Bob Martini receives national environmental award
To see a river or lake sparkling clean and pure is satisfaction enough for Bob Martini, but the North America River Management Society saw fit to give this environmental advocate an award. Just recently, Bob received a plaque that states, “In recognition of your accomplishments promoting and protecting the water quality and free flowing nature of rivers in Wisconsin.”
“This award is great, but there are so many other people who have worked over the years to clean up our rivers and lakes in the state,” Bob said. “Many people continue to work hard to do that even today.”
Bob grew up in Wausaukee and his family moved to Rhinelander when he was in his early 20s.
“I knew as soon as I came into Rhinelander I wanted to live here,” said Bob. “I love this area.”
Bob became even more familiar with the Northwoods when his dad, Bill, became a warden and fire control officer for the Department of Natural Resources (DNR). Bob decided to follow in his footsteps.
He graduated from UW-Milwaukee with a degree in zoology and industrial microbiology. In 1976 he got a job working with the DNR on a task force to clean up the Wisconsin River.
“This included 12,000 miles of watershed and 430 miles of river,” said Bob. “I’ve been on every part of the Wisconsin River over the years.”
The task of cleaning up the Wisconsin River seemed monumental back in those days, but Bob was up for the challenge. Some of the pollution sources that were studied and addressed included non-point pollution, paper mills and acid rain. In many instances, Bob was instrumental in getting regulations passed through governmental programs to reduce or eliminate pollution from companies or industries that were major contributors.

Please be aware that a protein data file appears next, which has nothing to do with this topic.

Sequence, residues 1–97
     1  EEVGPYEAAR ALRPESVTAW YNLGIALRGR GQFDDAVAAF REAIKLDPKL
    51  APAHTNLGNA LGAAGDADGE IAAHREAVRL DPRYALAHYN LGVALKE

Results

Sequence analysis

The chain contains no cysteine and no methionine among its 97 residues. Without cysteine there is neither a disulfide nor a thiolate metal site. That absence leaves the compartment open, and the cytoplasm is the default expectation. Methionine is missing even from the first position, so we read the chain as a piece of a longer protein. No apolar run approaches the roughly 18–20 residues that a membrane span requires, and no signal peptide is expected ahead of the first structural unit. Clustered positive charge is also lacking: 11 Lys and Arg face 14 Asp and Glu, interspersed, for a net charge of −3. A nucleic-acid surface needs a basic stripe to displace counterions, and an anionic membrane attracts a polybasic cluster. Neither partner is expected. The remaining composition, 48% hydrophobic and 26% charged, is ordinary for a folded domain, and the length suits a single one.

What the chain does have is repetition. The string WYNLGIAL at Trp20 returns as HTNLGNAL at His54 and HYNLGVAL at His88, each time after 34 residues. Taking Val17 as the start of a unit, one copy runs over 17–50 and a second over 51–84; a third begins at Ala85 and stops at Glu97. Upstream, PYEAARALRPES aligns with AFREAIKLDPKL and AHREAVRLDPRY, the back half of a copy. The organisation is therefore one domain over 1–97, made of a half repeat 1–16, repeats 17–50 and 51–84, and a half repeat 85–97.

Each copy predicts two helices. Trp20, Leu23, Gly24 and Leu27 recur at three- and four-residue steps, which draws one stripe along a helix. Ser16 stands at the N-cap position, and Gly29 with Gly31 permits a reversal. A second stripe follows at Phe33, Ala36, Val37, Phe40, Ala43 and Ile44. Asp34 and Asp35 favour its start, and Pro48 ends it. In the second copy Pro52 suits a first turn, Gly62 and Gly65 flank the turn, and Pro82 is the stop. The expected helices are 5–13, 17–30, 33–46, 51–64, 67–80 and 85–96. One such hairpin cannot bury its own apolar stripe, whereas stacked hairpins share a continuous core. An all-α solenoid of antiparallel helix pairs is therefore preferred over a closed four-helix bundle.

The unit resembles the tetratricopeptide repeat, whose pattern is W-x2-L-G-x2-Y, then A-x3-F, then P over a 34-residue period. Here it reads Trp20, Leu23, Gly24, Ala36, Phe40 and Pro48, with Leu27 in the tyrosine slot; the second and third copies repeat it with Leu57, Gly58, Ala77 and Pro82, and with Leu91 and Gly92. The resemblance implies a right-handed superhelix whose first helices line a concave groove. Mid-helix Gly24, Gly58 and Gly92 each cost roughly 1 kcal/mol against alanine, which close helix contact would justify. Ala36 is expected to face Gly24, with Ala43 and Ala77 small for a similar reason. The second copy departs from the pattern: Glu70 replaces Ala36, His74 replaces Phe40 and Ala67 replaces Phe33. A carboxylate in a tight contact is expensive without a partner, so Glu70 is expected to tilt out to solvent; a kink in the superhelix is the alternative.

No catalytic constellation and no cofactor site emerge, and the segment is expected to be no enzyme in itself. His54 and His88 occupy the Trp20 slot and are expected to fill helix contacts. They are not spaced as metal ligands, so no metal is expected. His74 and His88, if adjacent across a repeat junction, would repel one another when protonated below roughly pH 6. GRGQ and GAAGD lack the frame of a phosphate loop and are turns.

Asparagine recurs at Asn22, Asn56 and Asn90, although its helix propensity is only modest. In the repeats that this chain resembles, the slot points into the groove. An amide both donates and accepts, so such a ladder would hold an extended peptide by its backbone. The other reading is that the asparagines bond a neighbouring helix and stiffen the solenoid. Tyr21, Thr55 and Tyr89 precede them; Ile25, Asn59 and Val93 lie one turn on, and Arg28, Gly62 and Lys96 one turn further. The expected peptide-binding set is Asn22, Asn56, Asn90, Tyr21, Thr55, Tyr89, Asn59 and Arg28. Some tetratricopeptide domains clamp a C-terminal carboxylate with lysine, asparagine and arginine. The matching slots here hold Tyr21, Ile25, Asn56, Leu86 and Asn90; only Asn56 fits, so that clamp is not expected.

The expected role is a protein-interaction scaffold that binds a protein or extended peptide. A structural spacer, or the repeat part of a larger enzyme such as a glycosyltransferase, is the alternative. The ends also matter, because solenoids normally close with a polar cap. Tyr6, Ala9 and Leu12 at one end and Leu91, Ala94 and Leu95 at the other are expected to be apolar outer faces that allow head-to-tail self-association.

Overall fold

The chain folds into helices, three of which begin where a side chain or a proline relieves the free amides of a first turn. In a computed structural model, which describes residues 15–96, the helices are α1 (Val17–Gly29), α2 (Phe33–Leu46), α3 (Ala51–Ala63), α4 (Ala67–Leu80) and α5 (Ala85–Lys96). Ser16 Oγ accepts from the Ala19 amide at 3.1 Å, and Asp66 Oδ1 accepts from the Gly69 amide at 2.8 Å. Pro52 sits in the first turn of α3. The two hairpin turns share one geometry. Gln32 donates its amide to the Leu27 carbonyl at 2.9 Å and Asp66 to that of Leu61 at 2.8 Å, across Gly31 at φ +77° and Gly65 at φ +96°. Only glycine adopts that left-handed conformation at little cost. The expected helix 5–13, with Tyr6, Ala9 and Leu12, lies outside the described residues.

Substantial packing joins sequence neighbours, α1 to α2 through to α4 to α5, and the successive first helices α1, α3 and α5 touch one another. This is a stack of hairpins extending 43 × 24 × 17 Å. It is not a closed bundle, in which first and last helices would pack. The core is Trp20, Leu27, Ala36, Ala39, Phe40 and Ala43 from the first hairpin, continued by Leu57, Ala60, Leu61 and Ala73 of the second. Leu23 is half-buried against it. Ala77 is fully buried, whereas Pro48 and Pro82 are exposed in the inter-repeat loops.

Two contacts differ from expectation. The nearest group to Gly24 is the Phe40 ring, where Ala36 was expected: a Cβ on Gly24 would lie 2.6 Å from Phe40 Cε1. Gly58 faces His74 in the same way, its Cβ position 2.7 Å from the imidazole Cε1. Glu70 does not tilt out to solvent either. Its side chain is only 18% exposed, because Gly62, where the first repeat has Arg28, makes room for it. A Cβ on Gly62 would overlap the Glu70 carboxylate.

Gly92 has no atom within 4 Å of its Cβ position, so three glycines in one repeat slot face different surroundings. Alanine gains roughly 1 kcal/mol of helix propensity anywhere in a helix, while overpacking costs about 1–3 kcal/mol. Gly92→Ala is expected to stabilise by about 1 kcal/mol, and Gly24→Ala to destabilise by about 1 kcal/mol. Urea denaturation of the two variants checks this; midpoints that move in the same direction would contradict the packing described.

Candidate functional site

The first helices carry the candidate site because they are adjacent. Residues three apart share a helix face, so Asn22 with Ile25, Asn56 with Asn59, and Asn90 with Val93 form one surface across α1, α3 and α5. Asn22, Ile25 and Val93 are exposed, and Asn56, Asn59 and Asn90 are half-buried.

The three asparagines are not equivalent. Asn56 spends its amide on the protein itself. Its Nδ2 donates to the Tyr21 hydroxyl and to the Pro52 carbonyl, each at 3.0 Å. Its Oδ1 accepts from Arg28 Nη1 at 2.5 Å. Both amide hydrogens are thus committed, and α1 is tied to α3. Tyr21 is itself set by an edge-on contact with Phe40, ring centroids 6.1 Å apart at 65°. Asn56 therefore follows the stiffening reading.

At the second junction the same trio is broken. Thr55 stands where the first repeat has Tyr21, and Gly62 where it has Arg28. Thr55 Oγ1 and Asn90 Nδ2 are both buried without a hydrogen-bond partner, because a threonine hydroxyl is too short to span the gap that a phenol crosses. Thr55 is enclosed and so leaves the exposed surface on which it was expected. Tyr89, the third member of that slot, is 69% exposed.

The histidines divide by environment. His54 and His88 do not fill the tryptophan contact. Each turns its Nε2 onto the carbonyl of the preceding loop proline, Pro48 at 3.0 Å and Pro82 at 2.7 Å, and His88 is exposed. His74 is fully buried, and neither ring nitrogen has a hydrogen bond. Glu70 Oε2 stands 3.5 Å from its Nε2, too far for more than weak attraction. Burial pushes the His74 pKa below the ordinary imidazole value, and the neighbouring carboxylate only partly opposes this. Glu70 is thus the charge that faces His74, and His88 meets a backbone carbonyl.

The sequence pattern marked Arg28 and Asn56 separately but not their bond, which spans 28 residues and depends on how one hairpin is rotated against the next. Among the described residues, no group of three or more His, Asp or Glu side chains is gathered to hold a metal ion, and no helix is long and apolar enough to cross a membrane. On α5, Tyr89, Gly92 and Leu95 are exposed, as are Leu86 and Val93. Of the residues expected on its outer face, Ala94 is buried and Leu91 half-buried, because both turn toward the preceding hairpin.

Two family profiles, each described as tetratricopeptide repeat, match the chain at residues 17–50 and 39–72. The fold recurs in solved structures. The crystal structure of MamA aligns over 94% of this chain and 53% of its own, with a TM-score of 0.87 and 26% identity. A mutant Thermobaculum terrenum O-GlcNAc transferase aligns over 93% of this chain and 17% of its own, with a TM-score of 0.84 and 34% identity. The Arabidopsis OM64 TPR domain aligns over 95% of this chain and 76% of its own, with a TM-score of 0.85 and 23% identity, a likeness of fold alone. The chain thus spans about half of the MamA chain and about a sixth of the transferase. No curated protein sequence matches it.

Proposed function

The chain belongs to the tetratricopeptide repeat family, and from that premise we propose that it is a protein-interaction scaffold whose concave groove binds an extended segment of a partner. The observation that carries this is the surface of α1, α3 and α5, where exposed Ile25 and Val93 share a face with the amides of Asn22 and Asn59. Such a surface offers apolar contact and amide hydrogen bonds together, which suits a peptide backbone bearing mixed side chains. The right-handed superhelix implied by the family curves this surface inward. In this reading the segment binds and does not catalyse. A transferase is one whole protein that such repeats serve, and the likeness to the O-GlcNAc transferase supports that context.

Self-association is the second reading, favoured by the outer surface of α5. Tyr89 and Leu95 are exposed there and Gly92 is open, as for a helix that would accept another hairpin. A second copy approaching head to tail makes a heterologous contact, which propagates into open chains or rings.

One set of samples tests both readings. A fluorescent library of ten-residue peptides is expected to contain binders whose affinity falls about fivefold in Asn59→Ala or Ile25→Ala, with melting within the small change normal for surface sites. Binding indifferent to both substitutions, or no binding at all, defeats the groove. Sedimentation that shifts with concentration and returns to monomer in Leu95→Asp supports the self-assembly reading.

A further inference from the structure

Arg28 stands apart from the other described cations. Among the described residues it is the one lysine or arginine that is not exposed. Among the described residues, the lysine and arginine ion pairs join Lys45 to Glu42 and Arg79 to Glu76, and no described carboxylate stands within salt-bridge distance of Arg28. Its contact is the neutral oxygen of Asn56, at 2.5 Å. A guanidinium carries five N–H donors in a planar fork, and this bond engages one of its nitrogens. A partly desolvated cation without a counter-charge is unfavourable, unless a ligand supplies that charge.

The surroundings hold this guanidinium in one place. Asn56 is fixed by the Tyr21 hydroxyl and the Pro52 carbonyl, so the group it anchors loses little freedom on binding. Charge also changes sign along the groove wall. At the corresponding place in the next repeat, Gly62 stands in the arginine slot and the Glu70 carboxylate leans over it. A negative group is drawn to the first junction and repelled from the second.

“One example is Aldicarb, an insecticide that was used by potato farmers to kill insects that prey on potato plants,” said Bob. “This stuff was leaking into the groundwater, including even drinking water. Through governmental regulation, we got the chemical eventually banned and proved to farmers they could make more money if they stopped using it, which proved to be true.”
Another one of Bob’s career highlights was when he got involved in licensing dams.
“On the Wisconsin River there are 26 hydro dams, 21 storage reservoirs, 64 municipalities and 15 paper mills, so that was a big job,” said Bob. “We worked to get better water quality, better recreational opportunities and a healthier environment for the river.”
Acid rain was also an issue.
“That involved convincing industries along the river to burn low sulfur coal,” said Bob. “We were above the curve on that one because once that regulation went into place, Wisconsin got into a fixed price 30-year program to purchase this type of coal. Then federal regulations went into place and the coal got more expensive, but we were already locked in. The state saved money and the river started to show improvement.”
Bob can recall a time when there was so much sludge from the paper mill near Hat Rapids dam that small animals could walk across it.
“Before regulation, there was 425,000 pounds of waste a day going into the river from all the paper mills along its shores,” he said. “Today that number is closer to 34,000 pounds.”
Today, Bob would like to be involved in drafting regulations that would protect the rivers and waters of Oneida County and admits the regulations that are currently in place are not adequate when it comes to shoreline development.
“There are only a couple of counties with more lakes than we have and yet we have the least restrictive ordinances as far as protecting our lakes and rivers,” said Bob. “People think more regulation is bad for the economy, but really it’s just the opposite. When lakes become polluted, the property value around those bodies of water goes down. With stricter water protection ordinances in place, property values are protected and that benefit trickles down to not only lakefront property owners but all taxpayers as well.”
Bob retired from the DNR in 2007 but he continues to work tirelessly in his quest to create regulation that protects lakes and rivers, especially in Oneida County. In some capacity, he is serving on the boards of the River Alliance of Wisconsin, the Oneida County Lakes and Rivers Association, Trees for Tomorrow, Northwoods Land Trust and various lake associations. He serves as the vice president on the board of trustees at Nicolet College and is president of the foundation.
“While I’m honored to receive this award, there are lots of other hard-working people who deserve recognition too,” he said. “Keeping our lakes and rivers clean has always been a team effort.”